Showtime will help redress the well-publicized under-representation of blacks and Hispanics on television by greenlighting two hourlong series for the summer, “Resurrection Blvd.,” a drama about a Latino family in East L.A., and “Soul Food,” an adaptation of the successful movie about a Chicago-based black family. Both programs have picked up 22-episode commitments from Showtime.
Jerry Offsay, president of programming for Showtime Networks, said both series were in development before the National Assn. for the Advancement of Colored People last summer publicly excoriated the Big Four broadcast networks for failing to include minority-group characters in the new series slotted for the 1999-2000 primetime schedules.
“You’d have to be deaf, dumb or blind not to notice that African-American and Hispanic shows are not in evidence on the broadcast networks,” Offsay said. “It became an easy decision to greenlight ‘Resurrection’ and ‘Soul Food.’ ”
The two new series join the renewed “Outer Limits” anthology series and “Stargate: SG-1,” both from MGM TV, as Showtime commitments for 2000. Still awaiting the go/no-go decision, Offsay said, are four current series: “Beggars and Choosers,” “Hoop Life,” “Rude Awakenings” and ‘Linc’s.” If Showtime fails to renew any of these four — a decision that the network will make within the next month — Offsay said he’ll greenlight new series to replace the nixed ones because he wants eight series on the network’s schedule.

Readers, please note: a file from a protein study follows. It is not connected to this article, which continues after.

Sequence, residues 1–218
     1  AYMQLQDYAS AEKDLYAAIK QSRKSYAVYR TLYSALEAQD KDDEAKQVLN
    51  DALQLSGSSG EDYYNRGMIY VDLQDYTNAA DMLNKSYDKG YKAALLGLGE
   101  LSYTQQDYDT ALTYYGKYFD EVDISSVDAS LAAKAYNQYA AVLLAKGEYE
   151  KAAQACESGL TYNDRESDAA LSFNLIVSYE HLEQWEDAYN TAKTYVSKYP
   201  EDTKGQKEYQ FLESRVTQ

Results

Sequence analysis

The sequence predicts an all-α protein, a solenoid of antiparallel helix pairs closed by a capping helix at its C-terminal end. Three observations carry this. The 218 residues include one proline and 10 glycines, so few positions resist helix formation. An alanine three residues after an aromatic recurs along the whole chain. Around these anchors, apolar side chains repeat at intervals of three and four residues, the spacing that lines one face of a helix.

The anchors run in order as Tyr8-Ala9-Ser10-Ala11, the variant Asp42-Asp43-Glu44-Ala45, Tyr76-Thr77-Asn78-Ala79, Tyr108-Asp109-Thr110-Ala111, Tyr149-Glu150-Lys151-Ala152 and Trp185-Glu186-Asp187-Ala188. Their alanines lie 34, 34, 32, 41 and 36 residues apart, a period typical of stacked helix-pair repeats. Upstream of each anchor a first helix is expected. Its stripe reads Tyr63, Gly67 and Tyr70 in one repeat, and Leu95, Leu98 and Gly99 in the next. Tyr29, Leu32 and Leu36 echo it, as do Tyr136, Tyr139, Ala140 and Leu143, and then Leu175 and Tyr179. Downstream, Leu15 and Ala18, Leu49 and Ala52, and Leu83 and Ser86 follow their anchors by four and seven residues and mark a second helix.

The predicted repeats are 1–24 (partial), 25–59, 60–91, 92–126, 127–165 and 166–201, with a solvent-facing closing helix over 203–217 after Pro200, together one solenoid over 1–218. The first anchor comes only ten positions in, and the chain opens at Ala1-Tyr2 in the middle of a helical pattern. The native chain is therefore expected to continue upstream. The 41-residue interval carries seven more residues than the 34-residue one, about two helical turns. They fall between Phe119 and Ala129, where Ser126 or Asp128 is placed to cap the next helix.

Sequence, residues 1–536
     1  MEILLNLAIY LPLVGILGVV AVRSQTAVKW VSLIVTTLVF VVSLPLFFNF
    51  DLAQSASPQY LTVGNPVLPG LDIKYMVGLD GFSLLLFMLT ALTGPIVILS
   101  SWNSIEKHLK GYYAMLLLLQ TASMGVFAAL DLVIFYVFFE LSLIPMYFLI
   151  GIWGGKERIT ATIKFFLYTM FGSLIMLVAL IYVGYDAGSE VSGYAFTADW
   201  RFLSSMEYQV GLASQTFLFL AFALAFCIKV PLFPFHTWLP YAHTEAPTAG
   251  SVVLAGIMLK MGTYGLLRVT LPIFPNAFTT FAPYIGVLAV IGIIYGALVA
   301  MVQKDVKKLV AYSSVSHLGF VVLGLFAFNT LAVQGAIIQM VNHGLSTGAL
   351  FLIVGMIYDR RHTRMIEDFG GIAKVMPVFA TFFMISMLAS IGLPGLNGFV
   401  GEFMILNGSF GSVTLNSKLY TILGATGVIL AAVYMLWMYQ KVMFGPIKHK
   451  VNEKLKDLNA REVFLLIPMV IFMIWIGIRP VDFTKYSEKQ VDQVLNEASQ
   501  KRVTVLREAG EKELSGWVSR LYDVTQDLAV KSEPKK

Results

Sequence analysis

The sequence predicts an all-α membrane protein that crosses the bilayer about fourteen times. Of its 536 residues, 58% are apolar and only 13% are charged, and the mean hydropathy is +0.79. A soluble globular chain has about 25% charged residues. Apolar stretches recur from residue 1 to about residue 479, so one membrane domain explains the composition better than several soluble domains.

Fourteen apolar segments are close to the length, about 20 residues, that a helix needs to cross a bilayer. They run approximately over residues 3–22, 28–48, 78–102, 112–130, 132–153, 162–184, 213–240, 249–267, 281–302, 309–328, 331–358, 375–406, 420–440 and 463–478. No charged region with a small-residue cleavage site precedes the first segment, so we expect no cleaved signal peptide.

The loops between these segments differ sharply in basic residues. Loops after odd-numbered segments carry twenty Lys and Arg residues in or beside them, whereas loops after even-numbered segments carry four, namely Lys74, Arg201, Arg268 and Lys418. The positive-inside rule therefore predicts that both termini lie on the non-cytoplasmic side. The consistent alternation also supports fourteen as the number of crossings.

Sisters do it for themselves
Showtime assigned its sister company Viacom Prods. to film the two-hour “Resurrection Blvd.” movie, which served as a backdoor pilot, Offsay said. As for “Soul Food,” he explained, Twentieth TV declined to take up Showtime’s offer to produce an hourlong version of “Soul Food,” which 20th Century Fox produced and distributed theatrically, so Showtime put it in development, assigning the series to another sister company, Paramount Network TV. Twentieth did try to develop a half-hour comedy based on “Soul Food” for the Fox network, which passed on the project, Offsay said.
Viacom will film “Resurrection” in Los Angeles for a cost of about $1.1 million an episode, according to Offsay. Dennis E. Leoni will write and exec produce; the director is Jesus Salvador Trevino. Cast includes Michael DeLorenzo, Nicholas Gonzalez, Ruth Livier, Mauricio Mendoza, Tony Plana and Elizabeth Pena. Boxing as a road out of poverty is one of the series’ main themes.
Paramount is still trying to decide where to shoot “Soul Food,” and the casting is still to be determined. The budget figures to be in the range of $1.2 million per episode. Edmonds Entertainment and State Street Pictures are the production entities for the series. Exec producers are Tracey Edmonds, Kenneth (Babyface) Edmonds, George Tillman Jr. and Robert Teitel. Also on board as exec producers are Felicia Henderson, who’ll write the opening episode, and Kevin Arkadie.